All of that is fairly clear and, over time, we do a pretty good job of incorporating it into our artwork. But there are two things that can prove particularly challenging: the foreshortened circle, and the subconscious struggle between what we "see" and what we "know" (and which of these two we choose to depict in our artwork.)
What we know about circles -- a circle is a curved shape with a constant radius. This is also what we see if we view the shape from a 90º angle. And, if we draw it, the circle could be said to have equal width and height.
What we see -- this is were things go variable.
If the circle and our eye level share the same plane, we see the circle as a flat line (width, but no height.)
farther beneath eye level -- width and more height (see the incised circles on the pot)
and further down still (see the bottom of the pot)
As the circle moves below our eye level the width remains constant while the "height" increases as the circle drops farther below your eye level. (NOTE: this will also occur if the circle moves above your eye level.)
circle increases in relationship to its width
If you bisect a foreshortened circle with a line running horizontally through its widest point, the upper curve will be identical to the lower curve.
How to draw foreshortened circles -- if you have a set consisting of more than one circle, begin with the circle on or closest to your eye level.
If you are drawing a complete foreshortened circle, place a straightedge (such as the handle of a paint brush) across the circle's horizontal width.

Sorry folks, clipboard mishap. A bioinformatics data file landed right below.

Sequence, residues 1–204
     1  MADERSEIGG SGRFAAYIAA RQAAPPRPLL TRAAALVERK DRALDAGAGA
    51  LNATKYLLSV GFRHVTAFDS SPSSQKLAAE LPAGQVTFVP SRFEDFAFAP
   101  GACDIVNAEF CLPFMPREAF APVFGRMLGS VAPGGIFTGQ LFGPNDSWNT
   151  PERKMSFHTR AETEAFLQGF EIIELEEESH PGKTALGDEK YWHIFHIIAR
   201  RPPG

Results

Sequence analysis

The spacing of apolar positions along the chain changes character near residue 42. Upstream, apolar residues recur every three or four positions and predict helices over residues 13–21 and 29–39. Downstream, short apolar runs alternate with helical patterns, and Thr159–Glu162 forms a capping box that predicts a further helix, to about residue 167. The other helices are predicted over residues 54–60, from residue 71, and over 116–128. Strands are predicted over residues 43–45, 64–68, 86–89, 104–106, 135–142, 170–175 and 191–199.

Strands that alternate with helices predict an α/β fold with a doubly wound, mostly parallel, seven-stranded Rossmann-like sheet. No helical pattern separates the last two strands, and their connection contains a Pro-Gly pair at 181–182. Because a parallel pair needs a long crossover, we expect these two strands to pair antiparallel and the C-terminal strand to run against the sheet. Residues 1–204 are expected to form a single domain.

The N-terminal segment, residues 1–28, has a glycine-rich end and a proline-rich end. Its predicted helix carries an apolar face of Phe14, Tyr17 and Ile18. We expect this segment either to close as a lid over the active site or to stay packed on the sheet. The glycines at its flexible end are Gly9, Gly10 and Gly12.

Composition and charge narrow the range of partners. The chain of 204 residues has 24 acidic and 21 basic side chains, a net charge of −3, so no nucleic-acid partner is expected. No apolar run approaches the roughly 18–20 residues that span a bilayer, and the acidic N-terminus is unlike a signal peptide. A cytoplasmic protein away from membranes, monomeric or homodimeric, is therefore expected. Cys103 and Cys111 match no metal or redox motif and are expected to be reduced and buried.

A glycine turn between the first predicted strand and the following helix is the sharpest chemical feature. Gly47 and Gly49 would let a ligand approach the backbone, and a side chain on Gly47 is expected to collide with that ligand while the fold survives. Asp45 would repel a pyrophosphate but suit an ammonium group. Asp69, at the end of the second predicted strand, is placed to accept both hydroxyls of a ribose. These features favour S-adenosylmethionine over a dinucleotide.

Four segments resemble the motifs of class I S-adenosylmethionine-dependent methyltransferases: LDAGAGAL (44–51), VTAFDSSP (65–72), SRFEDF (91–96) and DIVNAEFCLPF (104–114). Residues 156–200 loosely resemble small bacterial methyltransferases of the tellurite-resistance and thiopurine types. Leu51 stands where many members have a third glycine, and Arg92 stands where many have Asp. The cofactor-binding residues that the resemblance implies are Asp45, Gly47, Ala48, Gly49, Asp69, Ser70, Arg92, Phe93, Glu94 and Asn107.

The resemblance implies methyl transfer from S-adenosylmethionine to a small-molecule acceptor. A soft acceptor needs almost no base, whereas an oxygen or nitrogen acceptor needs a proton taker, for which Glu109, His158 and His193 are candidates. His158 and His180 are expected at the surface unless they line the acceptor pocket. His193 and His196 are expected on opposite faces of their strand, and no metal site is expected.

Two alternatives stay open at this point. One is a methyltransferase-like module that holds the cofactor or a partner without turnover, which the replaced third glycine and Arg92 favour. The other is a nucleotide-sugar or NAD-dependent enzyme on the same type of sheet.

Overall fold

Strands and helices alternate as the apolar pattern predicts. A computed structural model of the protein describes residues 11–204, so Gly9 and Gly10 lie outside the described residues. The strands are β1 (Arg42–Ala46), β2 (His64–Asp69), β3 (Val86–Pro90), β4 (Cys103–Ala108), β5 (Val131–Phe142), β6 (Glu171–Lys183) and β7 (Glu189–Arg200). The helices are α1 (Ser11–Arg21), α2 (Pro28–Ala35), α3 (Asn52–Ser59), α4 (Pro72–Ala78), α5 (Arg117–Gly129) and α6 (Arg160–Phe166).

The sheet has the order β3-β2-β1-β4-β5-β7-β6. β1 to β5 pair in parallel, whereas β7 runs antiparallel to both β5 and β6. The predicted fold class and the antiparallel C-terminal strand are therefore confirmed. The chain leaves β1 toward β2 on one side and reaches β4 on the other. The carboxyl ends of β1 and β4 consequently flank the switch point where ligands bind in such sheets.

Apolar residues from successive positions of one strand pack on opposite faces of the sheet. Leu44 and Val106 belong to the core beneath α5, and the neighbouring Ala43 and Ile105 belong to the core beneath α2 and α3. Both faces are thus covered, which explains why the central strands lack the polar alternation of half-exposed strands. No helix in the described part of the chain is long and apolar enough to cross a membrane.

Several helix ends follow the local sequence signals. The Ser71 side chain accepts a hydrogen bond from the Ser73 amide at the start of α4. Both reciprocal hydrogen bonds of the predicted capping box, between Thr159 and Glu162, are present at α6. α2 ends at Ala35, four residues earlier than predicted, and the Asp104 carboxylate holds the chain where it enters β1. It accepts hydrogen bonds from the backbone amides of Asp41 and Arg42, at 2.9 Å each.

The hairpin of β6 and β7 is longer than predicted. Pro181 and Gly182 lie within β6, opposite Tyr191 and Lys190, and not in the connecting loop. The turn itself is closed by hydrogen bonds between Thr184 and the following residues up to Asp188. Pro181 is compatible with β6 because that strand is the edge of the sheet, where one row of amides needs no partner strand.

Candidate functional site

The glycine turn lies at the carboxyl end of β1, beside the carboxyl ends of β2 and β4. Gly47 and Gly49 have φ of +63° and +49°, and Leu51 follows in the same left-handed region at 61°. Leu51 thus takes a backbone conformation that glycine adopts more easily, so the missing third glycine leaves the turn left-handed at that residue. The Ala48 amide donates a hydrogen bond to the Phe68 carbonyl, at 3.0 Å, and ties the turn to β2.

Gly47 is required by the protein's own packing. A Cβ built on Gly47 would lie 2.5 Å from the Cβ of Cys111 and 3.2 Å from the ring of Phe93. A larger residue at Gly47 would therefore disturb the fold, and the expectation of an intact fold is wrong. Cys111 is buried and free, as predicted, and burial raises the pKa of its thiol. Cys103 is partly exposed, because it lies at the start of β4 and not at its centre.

Observe and draw its upper curve.
Repeat the process with the lower curve.
Modify the upper and lower curves to match. (BE CAREFUL: Observe that the outer-most "points" on the circle are steady arcs, NOT points.)
If you are only drawing half of the circle (for example, the forward half of a circle that passes around the outside of an opaque cylinder), place your straightedge across the widest part of the circle and draw the visible curve.
What you see vs. what you "know" -- probably the easiest way to discuss this conflict is by giving an example using the vase.
If the vase is below your eye level, the visible half of the circle that describes its base will curve downward toward its center. However, we KNOW that the base of the vase sits flat upon the table's surface. And, if we allow our subconscious to dictate what we draw (i.e., we draw what we "know"), we will inadvertently put our viewer's eye level in two places -- above the table and on the table's surface -- at once.
Final note: if we stand the circle up on one end we will experience the same foreshortening effects as the circle moves to the left (or right) of our straight-ahead "line-of-sight."